High Court overturns inspector’s green belt refusal

Planning Resource

A High Court judge has ruled that a planning inspector misinterpreted green belt planning policy in his refusal of an appeal against a council’s decision to block plans for the construction of an office building in countryside near Coventry

London's Royal Courts of Justice London’s Royal Courts of Justice

On Friday, Mr Justice Lindblom quashed an inspector’s decision in which he dismissed an appeal against refusal of consent by Solihull Metropolitan Borough Council for Pertemps Investments Ltd to carry out the development at its Meriden Hall HQ, in Meriden.

The judge ordered the secretary of state for communities and local government to reconsider the application for Pertemps to erect an office building with basement car parking on the site of an existing car park.

Pertemps – a group of more than 80 companies that employ about 40,000 people throughout the UK – has used Meriden Hall as its HQ since 1989, has invested a large amount of money in the site and employs 150 workers there.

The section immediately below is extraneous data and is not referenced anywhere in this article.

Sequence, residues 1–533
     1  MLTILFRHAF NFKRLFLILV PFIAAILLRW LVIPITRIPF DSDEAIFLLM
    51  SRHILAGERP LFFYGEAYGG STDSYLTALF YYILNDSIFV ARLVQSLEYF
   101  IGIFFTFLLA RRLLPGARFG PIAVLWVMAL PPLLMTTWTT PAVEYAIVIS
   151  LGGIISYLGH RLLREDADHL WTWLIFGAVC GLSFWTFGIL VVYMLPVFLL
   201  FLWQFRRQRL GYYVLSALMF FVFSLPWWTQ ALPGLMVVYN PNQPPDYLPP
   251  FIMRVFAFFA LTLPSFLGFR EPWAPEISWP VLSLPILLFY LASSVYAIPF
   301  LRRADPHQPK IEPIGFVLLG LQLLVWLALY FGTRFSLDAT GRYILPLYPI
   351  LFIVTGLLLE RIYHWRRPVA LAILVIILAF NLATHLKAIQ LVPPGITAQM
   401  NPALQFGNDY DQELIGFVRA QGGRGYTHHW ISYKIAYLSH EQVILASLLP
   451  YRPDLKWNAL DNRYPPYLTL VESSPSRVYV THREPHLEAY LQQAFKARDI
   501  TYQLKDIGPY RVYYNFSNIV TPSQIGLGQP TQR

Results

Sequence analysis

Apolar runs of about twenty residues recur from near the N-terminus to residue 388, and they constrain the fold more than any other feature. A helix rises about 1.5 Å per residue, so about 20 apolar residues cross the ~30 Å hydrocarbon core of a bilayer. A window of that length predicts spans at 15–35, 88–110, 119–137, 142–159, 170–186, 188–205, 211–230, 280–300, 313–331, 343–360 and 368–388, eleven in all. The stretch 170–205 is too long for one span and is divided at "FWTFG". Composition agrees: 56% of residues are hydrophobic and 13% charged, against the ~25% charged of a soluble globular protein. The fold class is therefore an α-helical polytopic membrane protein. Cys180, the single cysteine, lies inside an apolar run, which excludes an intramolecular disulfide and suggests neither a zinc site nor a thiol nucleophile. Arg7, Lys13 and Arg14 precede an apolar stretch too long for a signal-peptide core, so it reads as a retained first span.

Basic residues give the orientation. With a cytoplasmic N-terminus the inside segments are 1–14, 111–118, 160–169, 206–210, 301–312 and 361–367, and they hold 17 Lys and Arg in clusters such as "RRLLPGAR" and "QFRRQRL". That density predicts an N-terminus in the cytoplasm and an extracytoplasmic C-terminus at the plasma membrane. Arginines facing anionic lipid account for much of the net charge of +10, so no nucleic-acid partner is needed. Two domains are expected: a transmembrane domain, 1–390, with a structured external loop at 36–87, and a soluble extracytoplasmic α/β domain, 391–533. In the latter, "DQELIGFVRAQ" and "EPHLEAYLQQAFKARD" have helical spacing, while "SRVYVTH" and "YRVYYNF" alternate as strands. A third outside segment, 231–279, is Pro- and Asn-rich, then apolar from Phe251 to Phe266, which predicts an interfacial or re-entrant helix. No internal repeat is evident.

However, the local council rejected its application in August 2013 as “inappropriate development” in the green belt contrary to local and national planning policy.

Pertemps appealed, but the inspector backed the council and dismissed the appeal last October.

But the judge ruled that the inspector misconstrued local plan policy in his consideration of green belt issues, which Pertemps argued supported development which would enable the reasonable expansion of established businesses.

The judge said that, had the inspector approached the policy correctly, it could have made a difference to the balance he struck between the harm to the green belt on one hand, and the benefits to business and the local economy on the other.

In addition, he found that the inspector failed to have regard to the council’s decision in March 2014 to grant planning permission for extensive development on Jaguar Land Rover’s site at Damson Parkway, Solihull, also in the green belt.

He said: “The absence from the inspector’s decision letter of any reference to the council’s decision on Jaguar Land Rover’s proposal in itself represents an error of law.”

Pertemps Investments Limited v Secretary of State for Communities and Local Government. Case Number: CO/5740/2014

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